Again, this is the stuff of high drama if we’re conditioned to care about a single thing that’s happening. Instead, Ivar and Hvitserk, wryly restating their prophetic understanding that they must stay together until one kills the other, ride off, Ivar’s smirking head-cock at Hvitserk’s query about destination signaling their return to Scandinavia. Alex Høgh reclaims a little of his old swagger with the gesture, but it’s after an episode of Ivar The Boneless cavorting playfully with the little sad boy he’s bonded with and petulantly reacting to Katia’s patient explanation that she was using his delusions about her being Freydis to topple Oleg, and being a-goggle at the news that she’s carrying his child. Those are Ivar’s words leading off this review, in response to Hvitserk’s claim that Ivar has changed. In a flashback upon Ivar’s departure, we see Igor tackling Ivar and the pair wrestling affectionately, and Ivar telling the boy all the things a loving mentor would. (It’s especially sweet the way Ivar chuckles when referring to the future leader standing on his own two feet.)
But with this entire Rus storyline apparently just a closed-off narrative ecosystem, what are we to make of this Ivar? Going back to Kattegat is at least going to bring all the actual remaining (land-based) vikings back together for the last five episodes, but is the softening of Ivar The Boneless toward a little Rus king a motivating factor enough to see him as anything more than the would-be conqueror who spent his winter vacation among the Rus? What, truly has he learned, or we about him? It’s frustrating, and Alex Høgh’s gifts for steely villainy look a lot more relevant to the show’s ending than any sort of genuine character growth or change.
As for the at-sea of “All At Sea,” Kjetill’s maniacal rebellion didn’t take long, huh? That damned whale sees Kjetill Flatnose and family hurriedly building fences to keep the precious natural bounty to himself, leading to a bloody revolt by his former friends. In the end, Ubbe’s wounded, Othere shows he knows how to fight, Torvi reveals that shieldmaidens can fight while cradling their infants, and Kjetill’s son lies dead, along with a dozen or so Norse. Ubbe, confusingly, calls for a mass retreat to one of the settlers’ two boats (it’s just Kjetill, you guys—there’s, like, 20 of you), while Kjetill, astride his whale, bellows, “Look at me! I am King of Greenland!” Bye, it seems, to Adam Copeland. I thought Copeland did a good enough job, especially when the massive warrior was allowed to seem more conflicted, reformed bruiser than wild-eyed, ranting villain. And what to make of Kjetill’s one-episode-back confession of regret and contrition to his wife? Poor, dumb Kjetill Flatnose, King of Greenland.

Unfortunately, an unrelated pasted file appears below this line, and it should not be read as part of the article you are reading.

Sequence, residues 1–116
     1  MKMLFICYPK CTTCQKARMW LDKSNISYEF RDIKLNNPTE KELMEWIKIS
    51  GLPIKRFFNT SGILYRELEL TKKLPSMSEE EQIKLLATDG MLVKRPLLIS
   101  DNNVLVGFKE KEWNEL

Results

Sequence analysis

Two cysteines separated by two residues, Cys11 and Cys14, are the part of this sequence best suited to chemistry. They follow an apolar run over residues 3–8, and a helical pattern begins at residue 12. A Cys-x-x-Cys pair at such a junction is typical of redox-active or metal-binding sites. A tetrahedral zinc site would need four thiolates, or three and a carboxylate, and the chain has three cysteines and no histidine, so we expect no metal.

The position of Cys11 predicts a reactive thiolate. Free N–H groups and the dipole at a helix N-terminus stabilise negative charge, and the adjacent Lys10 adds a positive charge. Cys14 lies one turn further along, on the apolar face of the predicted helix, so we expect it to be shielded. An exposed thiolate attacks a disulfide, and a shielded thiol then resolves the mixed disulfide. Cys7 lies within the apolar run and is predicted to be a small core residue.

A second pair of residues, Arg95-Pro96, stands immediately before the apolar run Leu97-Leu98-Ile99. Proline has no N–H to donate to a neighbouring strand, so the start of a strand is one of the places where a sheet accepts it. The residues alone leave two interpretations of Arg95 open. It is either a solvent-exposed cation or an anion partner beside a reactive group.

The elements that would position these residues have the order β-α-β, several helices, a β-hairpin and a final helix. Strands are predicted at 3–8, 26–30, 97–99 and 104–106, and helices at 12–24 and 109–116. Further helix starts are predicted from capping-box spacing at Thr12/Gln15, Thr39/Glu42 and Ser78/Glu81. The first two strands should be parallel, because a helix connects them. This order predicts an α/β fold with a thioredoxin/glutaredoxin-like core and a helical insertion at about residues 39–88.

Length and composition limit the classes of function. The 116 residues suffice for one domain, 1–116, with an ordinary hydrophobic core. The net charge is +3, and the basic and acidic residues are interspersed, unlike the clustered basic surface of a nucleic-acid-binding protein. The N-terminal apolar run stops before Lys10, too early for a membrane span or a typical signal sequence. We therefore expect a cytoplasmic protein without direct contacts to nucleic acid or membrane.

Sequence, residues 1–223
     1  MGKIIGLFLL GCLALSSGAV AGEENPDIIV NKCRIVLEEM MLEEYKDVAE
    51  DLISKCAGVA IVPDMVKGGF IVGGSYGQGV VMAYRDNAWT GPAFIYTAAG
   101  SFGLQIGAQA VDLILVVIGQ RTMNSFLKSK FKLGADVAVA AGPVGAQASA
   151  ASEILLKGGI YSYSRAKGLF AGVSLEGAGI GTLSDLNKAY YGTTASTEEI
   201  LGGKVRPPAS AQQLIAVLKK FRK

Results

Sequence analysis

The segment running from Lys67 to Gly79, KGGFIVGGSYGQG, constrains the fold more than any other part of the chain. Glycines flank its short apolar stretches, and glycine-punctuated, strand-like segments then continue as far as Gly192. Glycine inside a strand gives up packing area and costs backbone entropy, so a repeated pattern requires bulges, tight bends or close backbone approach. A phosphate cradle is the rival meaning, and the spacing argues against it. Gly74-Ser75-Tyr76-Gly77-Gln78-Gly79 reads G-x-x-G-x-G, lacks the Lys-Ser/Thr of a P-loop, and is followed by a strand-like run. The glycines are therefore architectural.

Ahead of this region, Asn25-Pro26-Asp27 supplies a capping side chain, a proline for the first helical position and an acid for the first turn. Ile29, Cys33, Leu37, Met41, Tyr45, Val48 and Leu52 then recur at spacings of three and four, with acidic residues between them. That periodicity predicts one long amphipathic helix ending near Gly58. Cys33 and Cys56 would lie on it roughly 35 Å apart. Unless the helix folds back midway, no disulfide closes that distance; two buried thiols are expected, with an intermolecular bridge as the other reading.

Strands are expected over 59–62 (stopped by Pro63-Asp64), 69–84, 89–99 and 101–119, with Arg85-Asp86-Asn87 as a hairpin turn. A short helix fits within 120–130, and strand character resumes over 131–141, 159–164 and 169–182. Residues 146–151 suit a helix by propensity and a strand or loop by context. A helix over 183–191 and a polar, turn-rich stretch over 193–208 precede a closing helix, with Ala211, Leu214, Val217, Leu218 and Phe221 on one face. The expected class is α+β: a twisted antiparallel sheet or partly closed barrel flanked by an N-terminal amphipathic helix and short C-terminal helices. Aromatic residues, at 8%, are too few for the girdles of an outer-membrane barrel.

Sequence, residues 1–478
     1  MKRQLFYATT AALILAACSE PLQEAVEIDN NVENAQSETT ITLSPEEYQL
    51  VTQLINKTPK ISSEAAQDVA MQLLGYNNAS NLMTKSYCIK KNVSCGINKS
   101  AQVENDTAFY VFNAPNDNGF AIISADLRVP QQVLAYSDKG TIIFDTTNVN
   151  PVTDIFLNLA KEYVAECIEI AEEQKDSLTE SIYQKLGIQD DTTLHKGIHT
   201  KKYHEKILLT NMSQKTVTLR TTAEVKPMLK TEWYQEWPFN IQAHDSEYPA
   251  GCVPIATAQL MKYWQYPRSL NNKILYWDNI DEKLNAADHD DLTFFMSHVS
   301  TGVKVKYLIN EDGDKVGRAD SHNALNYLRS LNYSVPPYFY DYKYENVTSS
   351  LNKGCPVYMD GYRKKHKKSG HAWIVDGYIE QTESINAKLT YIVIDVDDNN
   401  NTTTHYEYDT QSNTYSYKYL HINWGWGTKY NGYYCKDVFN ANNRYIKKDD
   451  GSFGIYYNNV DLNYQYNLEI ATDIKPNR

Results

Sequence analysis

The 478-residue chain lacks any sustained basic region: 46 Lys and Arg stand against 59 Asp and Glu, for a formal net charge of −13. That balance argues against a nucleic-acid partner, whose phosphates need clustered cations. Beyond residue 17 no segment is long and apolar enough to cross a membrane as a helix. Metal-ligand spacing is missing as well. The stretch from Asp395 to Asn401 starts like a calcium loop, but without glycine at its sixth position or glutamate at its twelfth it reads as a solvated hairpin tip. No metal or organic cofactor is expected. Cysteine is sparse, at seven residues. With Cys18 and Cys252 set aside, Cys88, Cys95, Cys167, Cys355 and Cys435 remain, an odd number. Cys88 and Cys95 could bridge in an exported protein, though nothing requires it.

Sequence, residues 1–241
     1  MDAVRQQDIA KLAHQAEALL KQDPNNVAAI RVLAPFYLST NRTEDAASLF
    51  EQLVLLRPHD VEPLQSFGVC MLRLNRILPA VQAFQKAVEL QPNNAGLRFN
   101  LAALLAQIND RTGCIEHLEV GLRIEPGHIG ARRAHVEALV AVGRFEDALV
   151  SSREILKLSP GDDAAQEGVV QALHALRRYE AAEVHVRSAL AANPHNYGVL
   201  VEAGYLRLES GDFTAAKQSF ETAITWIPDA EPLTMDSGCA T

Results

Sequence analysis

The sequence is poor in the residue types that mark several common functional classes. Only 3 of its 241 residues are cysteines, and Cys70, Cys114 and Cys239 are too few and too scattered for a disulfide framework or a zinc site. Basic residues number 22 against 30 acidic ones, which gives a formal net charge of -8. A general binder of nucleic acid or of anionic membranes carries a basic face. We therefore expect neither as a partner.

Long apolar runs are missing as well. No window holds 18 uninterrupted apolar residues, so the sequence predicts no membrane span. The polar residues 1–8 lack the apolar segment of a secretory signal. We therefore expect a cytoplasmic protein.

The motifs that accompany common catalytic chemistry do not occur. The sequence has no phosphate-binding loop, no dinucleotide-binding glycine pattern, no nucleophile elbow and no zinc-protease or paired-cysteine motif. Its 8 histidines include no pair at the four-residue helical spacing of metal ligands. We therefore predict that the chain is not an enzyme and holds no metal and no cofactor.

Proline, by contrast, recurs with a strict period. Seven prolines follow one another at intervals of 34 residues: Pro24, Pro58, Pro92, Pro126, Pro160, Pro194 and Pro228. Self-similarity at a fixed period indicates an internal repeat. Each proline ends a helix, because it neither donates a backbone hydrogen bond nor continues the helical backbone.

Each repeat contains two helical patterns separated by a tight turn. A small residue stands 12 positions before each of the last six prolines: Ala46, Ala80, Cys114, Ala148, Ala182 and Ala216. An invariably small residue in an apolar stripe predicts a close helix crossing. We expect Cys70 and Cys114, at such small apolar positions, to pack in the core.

On their unprovided ship, Ubbe tends his side-wound while Torvi points out, not unreasonably, that without food, water, or the navigating sunstone, their bedraggled band isn’t going to last long. Ray Stevenson’s Othere, after finally getting to show off some of his usual imposing physicality in the whale-battle, reveals that he’d been a viking bodyguard of the Emperor at Byzantium, and had, as he’d said, taken his name and identity from a dead viking, as he’s really a monk named Athelstan. Again, I could be into this intriguing web of half-truths and mysterious echoes if Othere’s role had been better fleshed out. Here, he quotes some well-known bible verses, a happy storm blows up, and everyone whips out the buckets to catch the rain. Ubbe’s story, too, seemingly destined for the Golden Land after all (I’m betting on North America), although, as for most of this season’s developments, “All At Sea” seems far too apt.
- Now that the poor guy’s dead, Kjetill’s son Frodi reminded me of nobody more than a Norse McLovin.
- As one final farewell to Gunnhild, here’s to Ragga Ragnars incredulous delivery of “What?!” to the dull Erik’s proposal that they start hooking up again after her marriage.
- Oh, Erik was a slaver, as we know. (But the “bad kind,” as Harald keeps reminding the former skogarmmaor, as Harald taunts him.) But now it’s revealed, through a brand on the back of the disgusted Ingrid’s neck, that he once sold the former servant girl as well. This does not make Erik any more interesting.
- Othere tells Ubbe he’s sure Kjetill killed Floki. He didn’t, as we know, and here’s to Othere’s invocation of his name bringing him back before too long.
- Igor continues to get saddled with mouthfuls of howlingly bad therapy-speak. Objecting to Ivar’s suggestion that he kill Oleg, the lad intones, “Perhaps, in his own way, he does love me.”
- The length of Oleg’s funeral rites reveals just how more Vikings thinks we’re invested in the Rus than we actually are.